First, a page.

The Michigan Engineer News Center

James D. Butt Scholarship Fund receives additional gift

The purpose of this fund is to provide need-based support to undergraduate students with preference given to entering or continuing students majoring in Nuclear Engineering and Radiological Sciences.| Short Read

Jim Butt (BSE IE ’53) recently presented an additional gift to the College of Engineering that will supplement the endowment fund, the James D. Butt Scholarship Fund.  The purpose of this fund is to provide need-based support to undergraduate students with preference given to entering or continuing students majoring in Nuclear Engineering and Radiological Sciences.

Mr. Butt is a committed alumnus to the U-M College of Engineering.  He earned a bachelor’s degree from the Department of Industrial and Operations Engineering in 1953 from the U-M, and received his master’s degree in Nuclear Engineering from the Air Force Institute of Technology in 1958.  Mr. Butt’s professional career includes serving as a US Air Force officer and retiring from a vocation with the State of Michigan Department of Public Health.  

In addition to establishing this scholarship fund, Mr. Butt has documented his intentions to include the University of Michigan in his estate plan.  Forever a Wolverine, Mr. Butt remains a proud supporter of Michigan Athletics.  Mr. Butt resides in Okemos, Michigan.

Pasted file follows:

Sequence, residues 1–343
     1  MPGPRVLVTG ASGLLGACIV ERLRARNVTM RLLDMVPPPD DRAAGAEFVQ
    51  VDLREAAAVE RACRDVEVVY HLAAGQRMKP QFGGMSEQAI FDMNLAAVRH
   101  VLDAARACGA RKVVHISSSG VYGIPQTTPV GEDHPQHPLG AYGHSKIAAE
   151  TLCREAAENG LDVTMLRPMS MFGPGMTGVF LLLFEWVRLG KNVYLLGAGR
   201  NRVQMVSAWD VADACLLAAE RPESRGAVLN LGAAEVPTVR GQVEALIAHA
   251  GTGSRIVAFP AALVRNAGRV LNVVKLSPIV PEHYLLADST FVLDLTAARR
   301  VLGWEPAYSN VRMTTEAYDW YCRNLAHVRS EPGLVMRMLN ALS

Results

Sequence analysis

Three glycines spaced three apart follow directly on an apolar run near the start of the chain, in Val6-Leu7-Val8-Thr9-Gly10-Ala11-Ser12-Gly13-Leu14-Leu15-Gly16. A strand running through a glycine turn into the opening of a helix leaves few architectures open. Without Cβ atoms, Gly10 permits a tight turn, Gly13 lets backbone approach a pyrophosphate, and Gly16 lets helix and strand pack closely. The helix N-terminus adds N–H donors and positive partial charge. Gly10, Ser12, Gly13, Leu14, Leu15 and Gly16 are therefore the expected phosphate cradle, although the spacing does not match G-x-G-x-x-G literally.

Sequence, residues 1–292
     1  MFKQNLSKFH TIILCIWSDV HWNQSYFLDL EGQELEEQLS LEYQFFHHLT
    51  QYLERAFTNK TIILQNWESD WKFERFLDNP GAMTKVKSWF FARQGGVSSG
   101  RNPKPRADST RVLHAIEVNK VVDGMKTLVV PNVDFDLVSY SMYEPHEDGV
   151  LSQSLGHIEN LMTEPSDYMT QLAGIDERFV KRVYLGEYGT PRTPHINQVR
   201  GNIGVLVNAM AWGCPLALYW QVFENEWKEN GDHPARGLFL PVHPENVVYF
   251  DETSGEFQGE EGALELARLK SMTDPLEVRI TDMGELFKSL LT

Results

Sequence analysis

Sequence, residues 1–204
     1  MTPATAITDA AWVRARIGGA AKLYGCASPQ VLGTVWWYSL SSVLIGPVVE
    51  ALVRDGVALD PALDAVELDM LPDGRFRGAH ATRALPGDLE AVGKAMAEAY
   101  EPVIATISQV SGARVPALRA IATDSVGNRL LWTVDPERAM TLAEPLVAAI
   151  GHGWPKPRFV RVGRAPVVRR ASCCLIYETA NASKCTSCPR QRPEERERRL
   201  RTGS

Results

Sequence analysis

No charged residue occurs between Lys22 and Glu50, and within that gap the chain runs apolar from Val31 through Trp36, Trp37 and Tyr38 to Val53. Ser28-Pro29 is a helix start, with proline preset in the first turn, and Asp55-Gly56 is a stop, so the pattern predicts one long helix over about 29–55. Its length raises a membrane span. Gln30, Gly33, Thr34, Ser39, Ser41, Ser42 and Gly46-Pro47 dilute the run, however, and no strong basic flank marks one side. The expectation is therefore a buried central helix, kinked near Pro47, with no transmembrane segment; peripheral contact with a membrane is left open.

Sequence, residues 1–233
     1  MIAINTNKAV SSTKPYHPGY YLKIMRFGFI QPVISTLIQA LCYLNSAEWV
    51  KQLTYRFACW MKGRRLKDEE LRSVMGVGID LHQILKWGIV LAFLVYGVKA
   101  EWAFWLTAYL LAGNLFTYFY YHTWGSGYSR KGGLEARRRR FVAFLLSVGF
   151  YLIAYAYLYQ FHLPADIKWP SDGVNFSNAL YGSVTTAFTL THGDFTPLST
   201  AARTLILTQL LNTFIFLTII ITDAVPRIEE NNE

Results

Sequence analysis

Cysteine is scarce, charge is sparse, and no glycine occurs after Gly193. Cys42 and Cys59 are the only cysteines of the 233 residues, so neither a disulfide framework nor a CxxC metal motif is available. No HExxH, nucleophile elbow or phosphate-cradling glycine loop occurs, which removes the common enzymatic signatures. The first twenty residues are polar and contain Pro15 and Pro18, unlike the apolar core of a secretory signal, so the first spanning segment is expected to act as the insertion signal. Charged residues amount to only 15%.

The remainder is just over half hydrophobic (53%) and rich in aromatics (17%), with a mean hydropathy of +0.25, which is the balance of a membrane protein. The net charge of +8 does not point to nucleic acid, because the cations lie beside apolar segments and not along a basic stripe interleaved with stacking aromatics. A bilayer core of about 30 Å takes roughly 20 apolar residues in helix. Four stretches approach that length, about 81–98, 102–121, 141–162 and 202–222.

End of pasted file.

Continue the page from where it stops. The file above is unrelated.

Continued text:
Jon Kinsey

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Jon Kinsey
Chief of Staff

Michigan Engineering

(734) 647-7099

2466 LEC

The electrons absorb laser light and set up “momentum combs” (the hills) spanning the energy valleys within the material (the red line). When the electrons have an energy allowed by the quantum mechanical structure of the material—and also touch the edge of the valley—they emit light. This is why some teeth of the combs are bright and some are dark. By measuring the emitted light and precisely locating its source, the research mapped out the energy valleys in a 2D crystal of tungsten diselenide. Credit: Markus Borsch, Quantum Science Theory Lab, University of Michigan.

Mapping quantum structures with light to unlock their capabilities

Rather than installing new “2D” semiconductors in devices to see what they can do, this new method puts them through their paces with lasers and light detectors. | Medium Read